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quinta-feira, 3 de dezembro de 2015
Sunset Song review: 'a heartbreaking disappointment'
Terence Davies's long-cherished adaptation of a classic Scottish novel strains too hard to succeed
Sunset Song, a stern and windswept adaptation of Lewis Grassic Gibbon’s classic Scottish novel, has been such a long-cherished project for Terence Davies he deserves at least two cheers just for getting it off his back. Soon after The House of Mirth (2000) – one of his most radiantly sad and well-realised films – he nearly got a script into production, but the financing fell through, leaving him even more than usually despondent about the uphill slog of independent film funding in Britain.
Given Davies’s dedication to the task, what everyone would love to hear is that the Sunset Song he’s finally been allowed to make, just unveiled in Toronto, is a triumph, a vindication and a masterpiece. With a heavy heart, expectations simply have to be docked.
There are gorgeous things about it, there’s one really good performance, and reminders of Davies’ transcendent style ripple through the film. But it also feels broken and cumbersome, weighed down by a number of decisions that simply don’t work. It strains to sing to us and frequently sounds hoarse.
Agyness Deyn, the ex-model breaking out step by step into films, gets easily her most taxing assignment to date in the role of Chris Guthrie, the young resident of Gibbon’s fictional Kinraddie, something close to a Scottish Wessex. The first hour charts her farmhouse upbringing, under a tyrannical father (Peter Mullan) and whimpering mother (Daniela Nardini) who keeps giving birth to new siblings.
Mullan’s psycho-dad routine, after the likes of Neds and Top of the Lake, is getting a bit shopworn by now: there’s absolutely no shock or surprise to this role the second we see who’s playing it. Despite her very creditable accent work, Deyn fails to kickstart her case for Chris being the centre of our attention: except during passages of purple literary voiceover, she’s mainly just standing around while family crises erupt, such as the whipping of her brother Will (strapping Jack Greenlees) by their father. This is conveyed in a beautifully composed frontal shot, lasting several minutes, which risks overaestheticising the young man’s pain.
The turning of the seasons, in the years leading up to the First World War, is more or less exactly as beautiful as you would expect Davies to make it. Cinematographer Michael McDonough (Winter’s Bone) lets the camera glide through magic-hour-magicked corn fields, before a genuinely spine-tingling shift to wintry whites, and fills the frame grandiloquently with brooding expanses of sky.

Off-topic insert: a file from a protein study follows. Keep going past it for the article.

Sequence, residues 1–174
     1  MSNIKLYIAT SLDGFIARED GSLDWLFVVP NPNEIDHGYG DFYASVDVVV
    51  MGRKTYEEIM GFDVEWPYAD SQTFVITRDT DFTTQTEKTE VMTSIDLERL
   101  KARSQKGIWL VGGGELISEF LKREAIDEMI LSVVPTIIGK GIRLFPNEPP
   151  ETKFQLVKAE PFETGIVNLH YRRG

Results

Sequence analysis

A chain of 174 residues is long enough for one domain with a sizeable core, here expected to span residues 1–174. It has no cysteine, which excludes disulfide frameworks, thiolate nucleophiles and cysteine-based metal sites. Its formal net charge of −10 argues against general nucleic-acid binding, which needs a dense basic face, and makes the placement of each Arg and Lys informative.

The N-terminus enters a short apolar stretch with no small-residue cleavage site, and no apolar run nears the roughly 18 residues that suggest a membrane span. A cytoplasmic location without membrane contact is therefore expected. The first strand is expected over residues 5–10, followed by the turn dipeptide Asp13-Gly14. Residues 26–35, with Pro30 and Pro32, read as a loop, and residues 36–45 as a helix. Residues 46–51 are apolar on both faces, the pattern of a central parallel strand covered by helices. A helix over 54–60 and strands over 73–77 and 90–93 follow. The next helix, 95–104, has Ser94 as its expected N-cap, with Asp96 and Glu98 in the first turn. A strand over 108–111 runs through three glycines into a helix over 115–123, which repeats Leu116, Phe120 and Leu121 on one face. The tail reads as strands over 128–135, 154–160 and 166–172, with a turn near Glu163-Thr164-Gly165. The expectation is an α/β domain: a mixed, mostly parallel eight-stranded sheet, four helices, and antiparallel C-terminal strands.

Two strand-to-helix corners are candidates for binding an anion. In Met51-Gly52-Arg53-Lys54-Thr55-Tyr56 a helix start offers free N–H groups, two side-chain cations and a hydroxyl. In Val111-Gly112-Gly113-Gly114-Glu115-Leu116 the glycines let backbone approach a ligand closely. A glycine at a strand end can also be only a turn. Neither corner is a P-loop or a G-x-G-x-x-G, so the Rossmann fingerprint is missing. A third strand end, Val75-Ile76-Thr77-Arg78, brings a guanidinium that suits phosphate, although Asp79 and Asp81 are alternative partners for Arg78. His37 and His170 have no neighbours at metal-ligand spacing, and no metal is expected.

Davies perhaps has half a mind on what his near-namesake Terrence Malick achieved in Days of Heaven, in terms of imbuing this terrain with a mythic and indomitable power: “Nothing endured but the land,” Chris orates, late on.
Engagement picks up steeply as soon as Chris meets Ewan (Kevin Guthrie), a doughty farmer lad who falls for her at first sight. He’s introduced sitting in a pub, in a simple, heroic close-up which tells us exactly how important this character is going to be.
Deyn’s glacial beauty gives McDonough plenty to work with, but it’s Guthrie, with his puckish features, wide brown eyes and sparky affability, who jolts the film to life. The scene of Chris’s labour, as loud and agonising as the ones her own mother went through, plays out entirely on her now husband’s panicked, desperate features as he paces downstairs – a marvellously instinctive acting job, and the peak of this performance. He brings out the best in Deyn, too, who loosens up for this middle innings and starts to feel more like a relatable person.
You’re hoping that the film has clambered over its rocky start, squaring up for an ending, following Ewan’s conscription to the Western Front, which ought to be a three-hankie Davies wipe-out. Perhaps the saddest thing, then, is the lurching quality of Sunset Song’s last dramatic shifts. There’s something reductively depressing about the violent sea change that comes over Ewan, when he’s briefly back from soldiering.
It feels much less psychologically convincing than the equivalent Kit Harington homecoming in Testament of Youth, for instance. From his very earliest screen memoirs, Davies has returned again and again to the subject of patriarchal oppression, but do all the men in his films have to turn into Peter Mullan?
Not a fully persuasive actress yet, Deyn is overtaxed by what her character is eventually made to go through, and her weakest scene in the film is the one that ought to be its single most moving. Instead, a long and quintessentially grave Davies fly-by over the mud and debris of No-Man’s-Land, and then a gruffly emotive, majestically lit scene between Ewan and one of his comrades, are the best things to salvage from this wobbly third act. Sunset Song is only very intermittently Davies at his best, and the disappointment of finding this out is the real heartbreak.